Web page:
Aldona Dutkiewicz, Barbara Kołodziejczak, Piotr Leszczyński, Iwona Mokwa-Tarnowska, Paweł Topol, Barbara Kupczyk and Idzi Siatkowski
Textbooks have played the leading role in academic education for centuries and their form has evolved, adapting to the needs of students, teachers and technological possibilities. Advances in technology have caused educators to look for new sources of knowledge development, which students could use inside and outside the classroom. Today’s sophisticated learning tools range from virtual environments to interactive multimedia resources, which can be called e-textbooks. Different types of new educational materials that go beyond printed books are now used to support the academic curriculum, with the most interesting ones exemplified in this article to show their value in medical and life sciences education. Certain interesting attempts by Polish publishers at applying technology to support both self-paced and tutor-paced student learning in the medical profession and related areas are presented. The data was collected through a review of literature, discussions with e-learning specialists and medical students, as well as an analysis of examples of good practices. The article also discusses the results of a countrywide survey on the use of e-textbooks to enhance medical education. The research investigates the targeted academic staff’s attitudes towards the use of e-textbooks, the limitations of their implementation, and the character of e-resources currently used by Polish higher education medical institutions.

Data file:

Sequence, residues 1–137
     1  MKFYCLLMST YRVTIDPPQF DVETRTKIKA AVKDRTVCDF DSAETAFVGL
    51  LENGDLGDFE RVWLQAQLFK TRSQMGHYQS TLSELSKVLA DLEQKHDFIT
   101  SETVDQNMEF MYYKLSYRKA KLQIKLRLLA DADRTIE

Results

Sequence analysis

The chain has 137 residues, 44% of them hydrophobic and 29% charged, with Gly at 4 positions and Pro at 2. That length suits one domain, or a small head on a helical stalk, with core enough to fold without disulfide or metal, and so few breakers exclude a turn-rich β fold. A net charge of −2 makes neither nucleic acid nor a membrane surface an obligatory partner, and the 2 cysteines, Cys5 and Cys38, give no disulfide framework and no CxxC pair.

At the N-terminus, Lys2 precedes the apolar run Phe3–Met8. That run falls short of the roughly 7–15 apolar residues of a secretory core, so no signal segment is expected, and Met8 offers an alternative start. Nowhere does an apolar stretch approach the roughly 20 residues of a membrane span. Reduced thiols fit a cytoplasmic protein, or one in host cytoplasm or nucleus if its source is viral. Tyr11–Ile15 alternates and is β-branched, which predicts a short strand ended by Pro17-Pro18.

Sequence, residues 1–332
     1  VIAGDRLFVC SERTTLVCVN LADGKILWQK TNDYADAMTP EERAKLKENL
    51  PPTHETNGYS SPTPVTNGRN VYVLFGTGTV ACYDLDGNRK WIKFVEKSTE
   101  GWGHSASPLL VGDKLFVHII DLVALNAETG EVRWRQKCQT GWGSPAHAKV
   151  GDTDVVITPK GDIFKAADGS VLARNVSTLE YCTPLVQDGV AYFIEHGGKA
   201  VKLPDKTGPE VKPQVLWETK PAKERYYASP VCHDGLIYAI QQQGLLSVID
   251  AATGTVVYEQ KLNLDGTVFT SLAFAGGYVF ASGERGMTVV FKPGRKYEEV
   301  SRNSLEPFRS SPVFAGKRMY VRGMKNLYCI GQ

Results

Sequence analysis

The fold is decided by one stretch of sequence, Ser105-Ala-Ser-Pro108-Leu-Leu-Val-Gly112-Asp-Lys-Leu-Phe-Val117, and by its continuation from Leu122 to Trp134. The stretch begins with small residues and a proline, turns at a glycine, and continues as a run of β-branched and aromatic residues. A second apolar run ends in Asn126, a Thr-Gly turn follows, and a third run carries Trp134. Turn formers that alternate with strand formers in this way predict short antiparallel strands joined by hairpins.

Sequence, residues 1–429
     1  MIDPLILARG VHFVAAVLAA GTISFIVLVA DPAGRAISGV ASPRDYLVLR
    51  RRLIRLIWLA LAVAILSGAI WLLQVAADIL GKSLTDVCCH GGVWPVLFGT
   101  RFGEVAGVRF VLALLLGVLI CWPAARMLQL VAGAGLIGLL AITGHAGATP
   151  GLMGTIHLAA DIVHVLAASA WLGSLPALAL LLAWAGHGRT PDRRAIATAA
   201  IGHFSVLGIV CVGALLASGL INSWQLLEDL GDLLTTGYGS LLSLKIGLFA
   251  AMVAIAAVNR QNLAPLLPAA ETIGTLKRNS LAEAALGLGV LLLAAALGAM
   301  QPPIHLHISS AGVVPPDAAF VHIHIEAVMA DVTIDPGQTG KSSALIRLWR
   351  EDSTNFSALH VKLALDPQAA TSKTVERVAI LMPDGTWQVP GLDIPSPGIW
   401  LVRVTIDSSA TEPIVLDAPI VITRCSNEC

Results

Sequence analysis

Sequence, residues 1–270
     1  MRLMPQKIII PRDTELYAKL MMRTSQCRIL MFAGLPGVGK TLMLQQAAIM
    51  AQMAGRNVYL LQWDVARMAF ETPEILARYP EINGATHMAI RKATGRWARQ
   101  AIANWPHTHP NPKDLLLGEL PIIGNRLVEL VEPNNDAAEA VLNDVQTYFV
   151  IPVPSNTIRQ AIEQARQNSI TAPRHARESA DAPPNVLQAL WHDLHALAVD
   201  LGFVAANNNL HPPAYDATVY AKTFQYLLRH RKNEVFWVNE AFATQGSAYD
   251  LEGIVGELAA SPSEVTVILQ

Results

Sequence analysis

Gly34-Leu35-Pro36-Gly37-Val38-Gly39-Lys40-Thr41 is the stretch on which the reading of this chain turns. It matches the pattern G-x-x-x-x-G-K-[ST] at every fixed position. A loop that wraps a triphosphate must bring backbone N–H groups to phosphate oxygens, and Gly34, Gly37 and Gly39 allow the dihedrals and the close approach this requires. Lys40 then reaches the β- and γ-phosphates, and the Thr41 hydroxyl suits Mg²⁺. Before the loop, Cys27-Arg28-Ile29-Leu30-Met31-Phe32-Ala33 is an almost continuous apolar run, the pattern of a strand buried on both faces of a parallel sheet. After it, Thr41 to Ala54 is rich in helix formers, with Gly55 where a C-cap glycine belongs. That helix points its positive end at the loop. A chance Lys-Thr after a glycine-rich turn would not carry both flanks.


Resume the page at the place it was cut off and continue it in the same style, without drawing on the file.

The aim of the study presented in this article is to show correspondence analysis as a method useful in the diagnosis of coexistence of category variables in antecedents of innovativeness, with the positions of the respondents representing various medical professions in hospitals. Primary data obtained in the course of empirical research, carried out using a questionnaire study on a sample of 459 respondents representing 8 public hospitals in Poland, is used to this aim. To follow up on the achievements of the analysis, literature on the issue of innovativeness and its antecedents was also used. The results of the correspondence analysis allows one to confirm the thesis of the different opinions of doctors, nurses/midwives and managers regarding the level of significance of antecedents of innovativeness, where for doctors and managers in this context the most important is financial optimization, and for nurses the improvement of the quality of medical services. The results may provide an important clue to the chief executives of hospitals in the context of further changes and innovativeness necessary to achieve the desired efficiency of these organizations.